On Tuesday, December 6th, the City of San Jose, California agreed to pay Dawit Alemayehu $525,000 in settlement for permanent brain damage he suffered at the hands of San Jose police officer Jorge Garibay. Alemayehu was 26 in 2013 when he was arrested on suspicion of public drunkenness. Following a miscommuncation between Alemayehu and another officer about removing his belt while handcuffed, Garibay knocked Alemayehu face down to the concrete ground with a leg sweep.
Excessive Force: News and Publications
On December 5th, 2016, the U.S. Department of Justice's Community Oriented Policing Services published its report, The State of Policing in the United States, Volume 1, at a White House Office of Public Engagement and Intergovernmental Affairs briefing in Massachusetts.
"One of the recommendations of the Final Report of the President’s Task Force on 21st Century Policing was the delivery of an annual report on the state of American policing, which would provide an updated overview of events and changes in policies and practices, as well as their impact on police officers and the public. This inaugural report reviews law enforcement activities and developments from January 2015 to March 2016 and offers research and other resources for more in-depth analysis. Divided into three sections, the first part identifies the many ways in which the field was tested, including topics such as excessive use of force. The second section discusses community policing approaches and other strategies that police used to engage their communities and enhance public safety. The third section examines the impact of events and policies on law enforcement officers and their work."
On November 4th, 2016, a federal jury awarded $3 million to the family of Jason Moore, who died at 31 in 2011 after being Tased four times by a Ferguson, Missouri police officer while naked and unarmed.
The jurors found that former Ferguson Officer Brian Kaminski used excessive force on Moore, as well as failing to properly monitor, discipline and supervise his fellow officers. During his encounter with Moore, Kaminski fired his Taser four times, three of which after Moore had already fallen to the ground and without providing time for him to respond to Kaminski's commands.
On October 14, 2016, U.S. District Court Judge Charles Breyer approved a settlement in the amount of $1 million for Teresa Sheehan, who in 2008 was pepper-sprayed and repeatedly shot in her San Francisco apartment after police responded to a report that she had threatened a social worker with a knife.
On Friday, October 7th, a federal jury awarded over $1.6 million to two cousins, Miguel Conreras and Miguel Vazquez, who were beaten by batons and stomped on by Long Beach, California police officers in November 2010.
On Wednesday, October 12th 2016, the Department of Justice's Office of Community Oriented Policing Services released a new report detailing "numerous indicators of implicit and institutionalized bias against minority groups" among other issues pertaining to the conduct of the San Francisco Police Department. The review, which is not a court-enforceable agreement, was requested by the Mayor and a former SFPD Chief and makes 272 recommendations.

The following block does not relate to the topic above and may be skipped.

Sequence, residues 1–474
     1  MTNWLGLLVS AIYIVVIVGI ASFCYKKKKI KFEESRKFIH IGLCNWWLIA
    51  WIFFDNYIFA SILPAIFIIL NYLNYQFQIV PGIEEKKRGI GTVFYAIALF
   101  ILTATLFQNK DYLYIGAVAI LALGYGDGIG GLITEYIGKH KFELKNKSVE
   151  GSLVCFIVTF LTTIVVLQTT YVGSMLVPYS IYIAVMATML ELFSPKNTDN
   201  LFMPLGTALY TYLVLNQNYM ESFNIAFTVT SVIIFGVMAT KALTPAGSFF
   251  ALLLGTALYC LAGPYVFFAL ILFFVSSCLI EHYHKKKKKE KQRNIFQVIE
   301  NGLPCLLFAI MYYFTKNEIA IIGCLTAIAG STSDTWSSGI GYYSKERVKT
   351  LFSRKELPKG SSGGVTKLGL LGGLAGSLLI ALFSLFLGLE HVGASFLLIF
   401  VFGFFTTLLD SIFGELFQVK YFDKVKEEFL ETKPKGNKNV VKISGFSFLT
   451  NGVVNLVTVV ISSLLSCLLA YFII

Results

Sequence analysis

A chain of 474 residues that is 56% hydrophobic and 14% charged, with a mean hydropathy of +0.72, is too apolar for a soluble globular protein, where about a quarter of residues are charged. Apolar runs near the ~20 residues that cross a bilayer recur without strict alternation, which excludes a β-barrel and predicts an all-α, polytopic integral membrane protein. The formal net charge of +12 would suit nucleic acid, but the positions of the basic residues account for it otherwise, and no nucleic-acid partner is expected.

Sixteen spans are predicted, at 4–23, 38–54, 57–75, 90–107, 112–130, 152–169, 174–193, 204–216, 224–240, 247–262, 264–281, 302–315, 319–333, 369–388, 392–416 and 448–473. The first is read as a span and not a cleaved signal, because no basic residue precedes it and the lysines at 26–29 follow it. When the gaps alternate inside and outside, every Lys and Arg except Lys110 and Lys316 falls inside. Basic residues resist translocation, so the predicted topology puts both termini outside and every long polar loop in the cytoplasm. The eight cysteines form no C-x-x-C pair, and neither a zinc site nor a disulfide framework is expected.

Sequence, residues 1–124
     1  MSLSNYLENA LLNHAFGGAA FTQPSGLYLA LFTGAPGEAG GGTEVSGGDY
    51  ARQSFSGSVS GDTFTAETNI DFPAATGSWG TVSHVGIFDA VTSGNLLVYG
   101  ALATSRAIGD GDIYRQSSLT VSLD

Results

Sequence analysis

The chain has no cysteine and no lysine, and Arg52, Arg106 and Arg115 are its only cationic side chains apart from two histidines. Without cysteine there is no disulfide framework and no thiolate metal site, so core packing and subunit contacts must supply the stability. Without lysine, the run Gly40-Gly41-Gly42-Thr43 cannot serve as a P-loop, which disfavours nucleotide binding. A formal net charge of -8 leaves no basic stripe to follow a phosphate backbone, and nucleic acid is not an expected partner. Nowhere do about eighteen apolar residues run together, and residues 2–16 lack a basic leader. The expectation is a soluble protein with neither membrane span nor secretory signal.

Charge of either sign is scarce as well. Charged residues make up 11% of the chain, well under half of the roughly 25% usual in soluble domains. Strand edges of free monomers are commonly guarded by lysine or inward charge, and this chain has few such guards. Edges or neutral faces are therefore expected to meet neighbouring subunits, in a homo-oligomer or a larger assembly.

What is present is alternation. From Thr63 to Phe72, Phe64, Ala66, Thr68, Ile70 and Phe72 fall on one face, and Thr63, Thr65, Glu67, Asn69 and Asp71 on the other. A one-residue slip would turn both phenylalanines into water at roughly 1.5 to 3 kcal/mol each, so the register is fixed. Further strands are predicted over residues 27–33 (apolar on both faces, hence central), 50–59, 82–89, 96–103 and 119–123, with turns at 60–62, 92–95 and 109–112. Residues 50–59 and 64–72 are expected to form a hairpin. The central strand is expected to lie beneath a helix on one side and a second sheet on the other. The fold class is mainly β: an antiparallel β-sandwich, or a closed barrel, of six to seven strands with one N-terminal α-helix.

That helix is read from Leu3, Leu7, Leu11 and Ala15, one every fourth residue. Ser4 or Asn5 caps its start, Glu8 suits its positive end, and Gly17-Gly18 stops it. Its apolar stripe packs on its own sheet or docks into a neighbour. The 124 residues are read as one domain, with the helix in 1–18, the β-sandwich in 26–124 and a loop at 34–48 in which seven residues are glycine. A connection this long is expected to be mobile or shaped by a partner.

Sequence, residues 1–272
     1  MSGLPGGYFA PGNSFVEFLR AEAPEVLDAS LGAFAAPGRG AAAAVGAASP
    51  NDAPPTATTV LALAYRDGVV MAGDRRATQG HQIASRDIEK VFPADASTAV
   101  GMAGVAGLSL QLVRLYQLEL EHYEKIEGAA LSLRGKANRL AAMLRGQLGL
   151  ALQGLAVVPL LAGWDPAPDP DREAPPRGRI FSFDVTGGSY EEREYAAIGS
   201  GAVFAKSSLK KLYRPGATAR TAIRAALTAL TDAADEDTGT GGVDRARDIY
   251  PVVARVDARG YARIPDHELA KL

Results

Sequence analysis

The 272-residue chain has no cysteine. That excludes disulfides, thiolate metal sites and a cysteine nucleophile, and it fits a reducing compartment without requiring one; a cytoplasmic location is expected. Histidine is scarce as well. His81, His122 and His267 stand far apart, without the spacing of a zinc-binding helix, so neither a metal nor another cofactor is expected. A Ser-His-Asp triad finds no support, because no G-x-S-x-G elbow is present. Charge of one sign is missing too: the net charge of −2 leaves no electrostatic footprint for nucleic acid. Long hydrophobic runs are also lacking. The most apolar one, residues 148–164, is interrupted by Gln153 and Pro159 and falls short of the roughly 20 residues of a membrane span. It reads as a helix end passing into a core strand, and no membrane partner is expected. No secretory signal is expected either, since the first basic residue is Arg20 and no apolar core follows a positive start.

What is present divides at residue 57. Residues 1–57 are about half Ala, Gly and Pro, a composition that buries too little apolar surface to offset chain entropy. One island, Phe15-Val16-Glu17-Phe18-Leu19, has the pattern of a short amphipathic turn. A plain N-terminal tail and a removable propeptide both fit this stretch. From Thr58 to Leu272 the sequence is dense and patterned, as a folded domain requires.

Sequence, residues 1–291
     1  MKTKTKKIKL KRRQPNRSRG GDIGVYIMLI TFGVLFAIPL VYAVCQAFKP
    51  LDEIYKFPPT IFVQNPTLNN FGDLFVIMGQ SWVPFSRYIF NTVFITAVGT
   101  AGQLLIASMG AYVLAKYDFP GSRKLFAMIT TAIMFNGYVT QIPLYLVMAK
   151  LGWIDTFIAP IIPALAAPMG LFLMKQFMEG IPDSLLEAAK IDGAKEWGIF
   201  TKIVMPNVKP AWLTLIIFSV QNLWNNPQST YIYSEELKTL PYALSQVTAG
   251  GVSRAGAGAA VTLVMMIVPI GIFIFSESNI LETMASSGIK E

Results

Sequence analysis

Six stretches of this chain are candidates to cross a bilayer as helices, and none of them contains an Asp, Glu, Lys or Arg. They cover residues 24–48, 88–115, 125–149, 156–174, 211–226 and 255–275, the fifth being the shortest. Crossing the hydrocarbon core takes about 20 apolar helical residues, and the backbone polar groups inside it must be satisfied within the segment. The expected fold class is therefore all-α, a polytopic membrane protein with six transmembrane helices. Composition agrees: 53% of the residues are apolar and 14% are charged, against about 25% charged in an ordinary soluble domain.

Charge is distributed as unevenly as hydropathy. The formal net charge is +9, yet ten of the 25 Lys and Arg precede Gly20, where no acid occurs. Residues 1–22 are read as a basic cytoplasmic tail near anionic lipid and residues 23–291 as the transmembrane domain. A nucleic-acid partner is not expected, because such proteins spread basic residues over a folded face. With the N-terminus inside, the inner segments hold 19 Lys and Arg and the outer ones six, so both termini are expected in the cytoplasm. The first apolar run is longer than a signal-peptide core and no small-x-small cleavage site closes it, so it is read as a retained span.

According to the Director's introduction to the report, the Department of Justice found "concerning deficiencies in every operational area assessed: use of force; bias; community policing practices; accountability measures; and recruitment, hiring, and promotion practices. We also found serious deficiencies concerning the San Francisco Police Department’s (SFPD) data systems regarding the ability to collect, maintain, and analyze data."
In October 2012, the Salem, Oregon police department responded to a welfare check call for Chase Hammer, 27, who was reported to be suicidal and armed. When police encountered Hammer, he was approaching his home, holding a revolver upside-down and by the butt. The officers did not give Hammer any time to comply with their commands, and within moments of giving them, an officer shot and killed him.
In August 2016, the city of Arvin, California agreed to settle for $187,000 in a case brought by a woman who was beaten by a police officer during a 2013 traffic stop for a broken tail light. Because the plaintiff did not in fact have a broken tail light, she refused to sign the officer's ticket and asked for a supervisor. The defendant officer ultimately grabbed her by the neck and slammed her against the hood of his car, causing back injuries.
In July 2016, the city of Eugene, Oregon agreed to pay $115,000 in a pre-litigation settlement to Arik Bumpas, who was assaulted by a city police officer at the Lane County Jail. The officer in question, John Sharlow, was already found guilty of misdemeanor assault and official misconduct in connection with the 2014 incident, which was filmed by a surveillance camera in the jail.
The United States Department of Justice Civil Rights Division issues its August 10, 2016 report on the Baltimore Police Department's "pattern or practice of conduct that violates the United States Constitution and laws and conduct that raises serious concerns." The report condemns the BPD's unconstitutional stops, searches, arrests, its regular use of unreasonable force and overly aggressive tactics, and its pattern of racial, ablist, and gendered discrimination, among other areas in which the BPD fails to serve its community.